Today, we commit to respond in new ways. Today we make new commitments to our Earth, to solidarity, and to collective action.”
I now invite us to recreate that ritual:
We begin with gratitude for the blessings of the direction of East, and the element of Air. Please turn to the person next to you. You are invited to express your love and gratitude for the Earth by completing the phrase “my heart sings when…” Take just a minute each to share “my heart sings when…”
Thank you. Please hold all of these words of gratitude in your heart.
We are grateful for the blessings of the direction of South, and the element of Fire. We acknowledge that we carry grief and pain for what is happening to life on Earth.
Everyone please, turn again to your partner and this time express your grief and pain by completing the phrase, “My heart breaks when…” Please share: “my heart breaks when…”
Thank you. Please hold all of these words of grief and pain in your heart.
Now let us be grateful for the blessings of the direction of West, and the element of Water.
Please turn to your partner and express your sense of interconnectedness by completing the phrase, “What moves me to take action is…” Please share: “What moves me to take action is…”
Thank you. Please hold all of these words of motivation and calling in your heart.
Now let us be grateful for the blessings of the direction of the North and the element of Earth.
Please turn to your partner and share “The seeds of change that I am planting are…”
Thank you. Please hold these words of commitment to continue our shared journey towards justice and liberation for all.
The Rev. Clyde Grubbs, Cherokee, UU minister, and my mentor said, “This struggle is not just about one coal plant on sacred lands. It’s a global struggle to save all creatures on earth and in the water and in the air. As people of faith, we are called to lead this struggle, we are called to commit ourselves completely to a revolution in values, and it will take all of us to do it.”
Beloveds, we are not alone in this. We are all together, facing our pain together, committing to making change together. Sharing our grief makes it manageable. Each of us has some small thread of healing we can bring to the web, and we can weave together all of our little threads, and we see that somehow we have healed a whole big part of the web of life.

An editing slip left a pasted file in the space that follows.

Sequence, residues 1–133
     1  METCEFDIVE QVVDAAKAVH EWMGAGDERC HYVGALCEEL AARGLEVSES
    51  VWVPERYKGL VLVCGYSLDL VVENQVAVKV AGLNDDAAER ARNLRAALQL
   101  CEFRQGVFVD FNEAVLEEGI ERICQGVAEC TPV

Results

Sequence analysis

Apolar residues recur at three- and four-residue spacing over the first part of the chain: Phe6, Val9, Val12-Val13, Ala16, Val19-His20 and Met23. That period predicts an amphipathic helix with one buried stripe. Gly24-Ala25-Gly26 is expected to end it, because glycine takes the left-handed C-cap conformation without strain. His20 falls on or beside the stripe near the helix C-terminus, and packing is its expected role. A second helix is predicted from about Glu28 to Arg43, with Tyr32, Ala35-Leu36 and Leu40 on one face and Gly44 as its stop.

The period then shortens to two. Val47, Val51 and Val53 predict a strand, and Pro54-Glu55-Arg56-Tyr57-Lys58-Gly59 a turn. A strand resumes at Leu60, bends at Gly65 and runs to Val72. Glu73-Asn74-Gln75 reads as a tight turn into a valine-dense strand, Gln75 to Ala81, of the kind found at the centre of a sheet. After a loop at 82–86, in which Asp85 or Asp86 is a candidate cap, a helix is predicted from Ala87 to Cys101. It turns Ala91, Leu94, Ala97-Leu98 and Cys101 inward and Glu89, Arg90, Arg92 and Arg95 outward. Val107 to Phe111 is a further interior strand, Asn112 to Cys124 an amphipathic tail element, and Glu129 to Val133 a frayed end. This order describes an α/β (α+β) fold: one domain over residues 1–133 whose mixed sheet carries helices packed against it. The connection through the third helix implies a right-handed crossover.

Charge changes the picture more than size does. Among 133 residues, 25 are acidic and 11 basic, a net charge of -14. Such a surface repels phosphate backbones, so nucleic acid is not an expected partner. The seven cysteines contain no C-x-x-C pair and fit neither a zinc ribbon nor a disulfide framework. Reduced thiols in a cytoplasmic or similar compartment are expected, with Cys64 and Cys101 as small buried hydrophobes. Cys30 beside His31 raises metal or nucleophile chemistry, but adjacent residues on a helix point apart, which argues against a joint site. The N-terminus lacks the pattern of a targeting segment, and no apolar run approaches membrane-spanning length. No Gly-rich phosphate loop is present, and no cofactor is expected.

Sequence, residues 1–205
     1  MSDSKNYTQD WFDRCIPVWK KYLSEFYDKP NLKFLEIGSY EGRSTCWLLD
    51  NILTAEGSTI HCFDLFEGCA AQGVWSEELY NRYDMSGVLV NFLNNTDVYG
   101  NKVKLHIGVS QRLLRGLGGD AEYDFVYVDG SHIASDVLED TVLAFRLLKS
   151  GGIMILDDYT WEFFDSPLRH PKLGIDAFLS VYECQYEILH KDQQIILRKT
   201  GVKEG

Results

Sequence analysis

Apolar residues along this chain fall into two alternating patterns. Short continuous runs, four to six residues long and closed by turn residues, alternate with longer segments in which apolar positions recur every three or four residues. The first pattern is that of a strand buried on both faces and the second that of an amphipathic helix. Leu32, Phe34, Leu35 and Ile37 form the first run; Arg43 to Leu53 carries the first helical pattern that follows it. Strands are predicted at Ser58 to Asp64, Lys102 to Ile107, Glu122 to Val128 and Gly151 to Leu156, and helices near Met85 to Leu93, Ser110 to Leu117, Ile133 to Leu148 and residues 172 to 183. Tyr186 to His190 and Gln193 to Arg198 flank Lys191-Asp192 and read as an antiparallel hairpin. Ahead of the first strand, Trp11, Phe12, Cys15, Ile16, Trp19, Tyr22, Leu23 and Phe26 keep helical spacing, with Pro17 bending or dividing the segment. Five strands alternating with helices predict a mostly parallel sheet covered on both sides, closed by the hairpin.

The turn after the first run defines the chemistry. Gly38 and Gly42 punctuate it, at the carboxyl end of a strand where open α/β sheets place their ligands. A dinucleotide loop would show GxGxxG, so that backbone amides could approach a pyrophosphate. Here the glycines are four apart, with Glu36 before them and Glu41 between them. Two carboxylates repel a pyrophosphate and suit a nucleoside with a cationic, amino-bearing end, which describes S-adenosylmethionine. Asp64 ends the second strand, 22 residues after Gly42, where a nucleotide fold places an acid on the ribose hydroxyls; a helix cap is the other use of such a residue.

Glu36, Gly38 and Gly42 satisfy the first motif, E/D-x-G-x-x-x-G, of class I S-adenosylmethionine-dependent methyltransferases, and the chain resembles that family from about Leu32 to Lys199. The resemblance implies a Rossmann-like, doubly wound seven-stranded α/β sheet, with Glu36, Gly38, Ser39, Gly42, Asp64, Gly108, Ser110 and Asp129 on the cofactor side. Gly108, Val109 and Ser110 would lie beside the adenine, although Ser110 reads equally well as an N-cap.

Let’s try it.
I invite you to face the mural and if you would like, for as long as it is comfortable, to hold up your hands:
I invite you to repeat after me:
We acknowledge the odds we are facing. [We acknowledge the odds we are facing.]
We acknowledge our grief and pain. [We acknowledge our grief and pain.]
We grieve for the missing and murdered women/ and we honor their memory with our work.
We acknowledge our deep love of Earth and the whole web of life. [We acknowledge our deep love of Earth and the whole web of life.]
We want to heal Earth. We want to heal the web of life. [We want to heal Earth. We want to heal the web of life.]
Each of us can do something, no matter how small. [Each of us can do something, no matter how small.]
Spirit of Life, you who rise greening in our hearts as well as in the sapling tree, Help us to know you as a love so large that it holds all of our grief, all of our anger, all of our fear. In all of our pain, we are ever safely held.
Help us know you as the connections between us and every other being in this world.
Help us know you as that which calls us into right relationship with every other being, beckoning us always toward love and compassion, sharing and justice.
Help us remember the commitment we have made together today. Help us keep it.
Help us serve you in all we think, all we say, and all we do,
Today, and all the days of our lives. Amen. Ashe. Blessed be.